Non-Political Preachers

One definition of “politics” is the following: “political activities characterized by artful and often dishonest means.” Specifically this means “competition between competing interest groups or individuals for power and leadership in a government or other group.” (Webster’s Dictionary).

Since the preachers under consideration (in this article) would call themselves Christians, anyone who would by artful and dishonest means strive for power and influence among the group (church) is far from what God expects of His servants. Such a preacher would be a “political” preacher.

Having been a preacher for almost 61 years, this writer is fully aware of the “artful and dishonest” efforts of many “political” preachers to establish themselves at the expense of proper Christian demeanor. This is not to say that a Gospel preacher should never strive to advance his work. But this advancement should be done always to God’s glory and honor, rather than for personal advancement. It has been my honor to work among some of the greatest Christians on earth. I am still privileged to do this. But in the process of my life’s work there have been times when men, who should have been supporting the work being done, rather sought to detract from it by devious means. Members of several congregations have asked me why I had not preached for them in a Gospel meeting. My answer is always, “If the elders extend an invitation, Lord willing, I’ll go.” But the invitation did not always come. Why? Sometimes this happened because the local preacher (with his own “political” agenda) influenced action otherwise. What is my attitude toward this? While I’m sorry these things happened, I know God will take care of it on Judgment Day.

I’ve seen men (political preachers), who thought themselves to be something, avoid those whom they considered less prepared, better prepared, less educated, more educated, etc., and then practically “bow down before” men whom they thought could enhance their own agenda. They were “playing politics.” What will the Lord do with such men on Judgment Day?

The apostle Paul, considered by many the “Prince of Preachers,” certainly did not have this attitude. He was a “non-political” preacher. He wrote in Galatians 1:10-12:

For do I now persuade men, or God? or do I seek to please man? for if I yet pleased men, I should not be the servant of Christ. But I certify you, brethren, that the gospel which was preached of me is not after man. For I neither received it of man, neither was I taught it, but by the revelation of Jesus Christ.

It is not imaginable that Paul “played politics” with his brethren. He was concerned with the success of the Gospel, regardless of who preached. Remember his rebuke of the Corinthians for choosing their favorite preacher (see I Corinthians 1). Indeed, Paul might have avoided some very difficult times if he had “politicked” with his acquaintances! But this would have violated the very principles of life for which Paul was willing to die!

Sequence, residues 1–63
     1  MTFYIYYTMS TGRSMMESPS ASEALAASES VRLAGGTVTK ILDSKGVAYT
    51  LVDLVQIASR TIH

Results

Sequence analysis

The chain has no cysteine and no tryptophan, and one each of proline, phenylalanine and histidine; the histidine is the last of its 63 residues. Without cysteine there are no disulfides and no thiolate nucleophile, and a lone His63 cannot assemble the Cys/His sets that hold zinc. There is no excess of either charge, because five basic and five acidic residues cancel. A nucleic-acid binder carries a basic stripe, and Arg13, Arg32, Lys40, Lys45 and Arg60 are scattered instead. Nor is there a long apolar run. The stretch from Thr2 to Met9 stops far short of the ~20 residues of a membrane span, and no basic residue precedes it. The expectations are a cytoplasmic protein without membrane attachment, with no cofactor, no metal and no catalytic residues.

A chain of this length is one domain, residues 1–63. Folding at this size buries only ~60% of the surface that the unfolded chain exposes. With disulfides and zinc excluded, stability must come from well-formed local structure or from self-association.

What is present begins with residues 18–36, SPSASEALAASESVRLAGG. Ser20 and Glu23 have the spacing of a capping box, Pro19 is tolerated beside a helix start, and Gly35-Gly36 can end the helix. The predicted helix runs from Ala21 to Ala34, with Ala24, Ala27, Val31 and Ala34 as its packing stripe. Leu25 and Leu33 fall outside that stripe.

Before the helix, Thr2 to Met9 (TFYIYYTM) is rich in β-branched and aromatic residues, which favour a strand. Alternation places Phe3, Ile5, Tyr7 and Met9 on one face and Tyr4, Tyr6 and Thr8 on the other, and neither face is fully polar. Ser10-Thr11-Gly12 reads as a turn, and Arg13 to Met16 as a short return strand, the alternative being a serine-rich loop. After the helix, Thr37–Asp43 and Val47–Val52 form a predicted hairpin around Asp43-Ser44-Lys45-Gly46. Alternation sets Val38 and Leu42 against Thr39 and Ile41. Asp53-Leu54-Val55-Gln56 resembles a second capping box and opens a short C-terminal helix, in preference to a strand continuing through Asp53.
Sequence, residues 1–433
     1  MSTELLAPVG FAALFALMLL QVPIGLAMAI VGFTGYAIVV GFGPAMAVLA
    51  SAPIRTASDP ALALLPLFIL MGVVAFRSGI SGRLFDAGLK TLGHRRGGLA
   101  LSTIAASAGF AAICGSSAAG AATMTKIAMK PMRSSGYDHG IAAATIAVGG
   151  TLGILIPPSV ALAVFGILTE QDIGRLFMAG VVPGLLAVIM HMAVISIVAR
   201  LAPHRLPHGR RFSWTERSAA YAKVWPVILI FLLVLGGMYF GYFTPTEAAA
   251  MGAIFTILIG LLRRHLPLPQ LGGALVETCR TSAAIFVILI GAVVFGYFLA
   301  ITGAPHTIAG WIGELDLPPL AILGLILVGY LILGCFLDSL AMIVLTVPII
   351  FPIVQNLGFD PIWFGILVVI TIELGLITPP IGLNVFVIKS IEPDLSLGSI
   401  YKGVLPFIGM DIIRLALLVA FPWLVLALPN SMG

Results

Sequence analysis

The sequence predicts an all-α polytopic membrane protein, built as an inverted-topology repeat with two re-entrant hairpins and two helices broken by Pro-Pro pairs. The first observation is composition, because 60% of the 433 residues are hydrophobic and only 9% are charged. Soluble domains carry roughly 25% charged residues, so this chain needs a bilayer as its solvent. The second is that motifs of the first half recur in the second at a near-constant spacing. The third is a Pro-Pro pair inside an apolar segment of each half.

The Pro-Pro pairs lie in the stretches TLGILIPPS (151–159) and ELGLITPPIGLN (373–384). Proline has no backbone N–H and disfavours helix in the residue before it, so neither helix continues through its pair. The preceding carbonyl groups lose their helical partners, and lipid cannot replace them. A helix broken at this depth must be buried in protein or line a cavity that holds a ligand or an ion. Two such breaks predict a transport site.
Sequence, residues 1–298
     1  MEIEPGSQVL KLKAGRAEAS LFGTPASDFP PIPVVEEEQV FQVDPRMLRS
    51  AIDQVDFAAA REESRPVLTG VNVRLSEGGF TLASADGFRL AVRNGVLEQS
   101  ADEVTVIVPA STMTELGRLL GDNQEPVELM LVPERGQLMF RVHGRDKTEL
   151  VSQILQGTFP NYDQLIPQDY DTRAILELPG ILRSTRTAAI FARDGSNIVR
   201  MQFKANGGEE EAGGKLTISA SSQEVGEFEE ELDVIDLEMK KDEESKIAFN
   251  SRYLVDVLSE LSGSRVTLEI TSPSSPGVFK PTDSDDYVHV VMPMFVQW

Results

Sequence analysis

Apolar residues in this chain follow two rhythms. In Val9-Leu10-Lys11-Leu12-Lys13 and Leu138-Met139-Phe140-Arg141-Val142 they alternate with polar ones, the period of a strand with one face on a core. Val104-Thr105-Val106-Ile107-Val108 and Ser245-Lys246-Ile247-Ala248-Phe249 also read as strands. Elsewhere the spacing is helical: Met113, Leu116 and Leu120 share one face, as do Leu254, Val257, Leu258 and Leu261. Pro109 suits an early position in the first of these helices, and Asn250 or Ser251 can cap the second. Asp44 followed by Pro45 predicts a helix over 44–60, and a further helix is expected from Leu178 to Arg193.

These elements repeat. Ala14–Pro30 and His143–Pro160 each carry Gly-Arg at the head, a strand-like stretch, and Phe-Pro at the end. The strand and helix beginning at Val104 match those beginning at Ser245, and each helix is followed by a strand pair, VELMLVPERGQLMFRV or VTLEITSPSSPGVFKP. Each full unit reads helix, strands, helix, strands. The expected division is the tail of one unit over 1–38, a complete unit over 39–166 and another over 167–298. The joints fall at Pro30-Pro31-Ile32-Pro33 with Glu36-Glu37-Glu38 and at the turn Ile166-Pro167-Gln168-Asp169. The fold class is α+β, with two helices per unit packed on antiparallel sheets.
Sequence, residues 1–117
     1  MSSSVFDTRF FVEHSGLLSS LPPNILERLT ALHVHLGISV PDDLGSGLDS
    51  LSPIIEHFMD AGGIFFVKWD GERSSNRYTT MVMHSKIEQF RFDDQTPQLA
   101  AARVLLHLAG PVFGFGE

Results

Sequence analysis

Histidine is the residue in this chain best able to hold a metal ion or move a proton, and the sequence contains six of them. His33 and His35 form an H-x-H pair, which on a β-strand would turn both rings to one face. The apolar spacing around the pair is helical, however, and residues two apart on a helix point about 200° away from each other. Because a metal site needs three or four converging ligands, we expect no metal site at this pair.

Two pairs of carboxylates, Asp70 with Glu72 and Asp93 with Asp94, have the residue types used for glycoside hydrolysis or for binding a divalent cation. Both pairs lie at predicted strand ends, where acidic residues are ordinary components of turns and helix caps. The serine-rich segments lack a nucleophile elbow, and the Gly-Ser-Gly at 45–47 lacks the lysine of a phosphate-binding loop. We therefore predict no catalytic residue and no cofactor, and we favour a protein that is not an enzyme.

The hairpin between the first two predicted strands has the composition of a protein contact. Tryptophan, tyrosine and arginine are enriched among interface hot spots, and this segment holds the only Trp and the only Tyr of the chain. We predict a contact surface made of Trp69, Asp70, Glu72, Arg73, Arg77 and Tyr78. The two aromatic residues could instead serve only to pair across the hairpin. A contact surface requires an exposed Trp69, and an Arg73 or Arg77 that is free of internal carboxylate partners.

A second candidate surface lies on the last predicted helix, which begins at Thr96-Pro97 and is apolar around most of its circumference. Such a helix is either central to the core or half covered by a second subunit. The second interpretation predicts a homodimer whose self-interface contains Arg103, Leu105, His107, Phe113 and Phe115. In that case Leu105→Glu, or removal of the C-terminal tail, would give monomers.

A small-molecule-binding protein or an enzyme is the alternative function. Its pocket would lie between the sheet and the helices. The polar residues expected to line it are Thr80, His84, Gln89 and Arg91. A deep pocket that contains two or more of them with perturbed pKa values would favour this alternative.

While everyone should have the right of preference, in matters of personal judgment, this should never go so far as to thwart efforts of faithful men to take the Gospel to the sin-cursed world!

If a preacher “plays politics” to get his way in things, regardless of the circumstances, he not only cannot be trusted by faithful men, but also he is a hireling. He has a price. He can be bought! The price may be money, or just his desired “image” among others. Some are willing to do almost anything to get to “write for a particular paper,” get to “speak on a particular lectureship,” or get to “preach a meeting” with a particular congregation. Are members of the body of Christ blind to this kind of thing? I think not. But I do have a question to such members who see this happening: “Why do you put up with it?” If one turns a blind eye to that which is wrong, does that not make him a partaker in it?

When a preacher cares more about how he is perceived by people than he does about how God perceives him, his soul is in eternal jeopardy! May God bless men who preach the Gospel to be selfless and faithful in their efforts to hold up the light of God’s truth to our lost and dying world. Let the world play “politics.” But let the men of God stand strong and true to the Word He has given us.

-Glenn Ramsey, Professor of Religious Education

1 Comment

  1. This is an excellent article. Ministers and all workers in the Lord’s church should guard against the practices of worldliness in their lives. We serve the Lord; we know that honor should go to Him, not us. We are to be a united body, encouraging one another in the faith.

    -Matthew Travis

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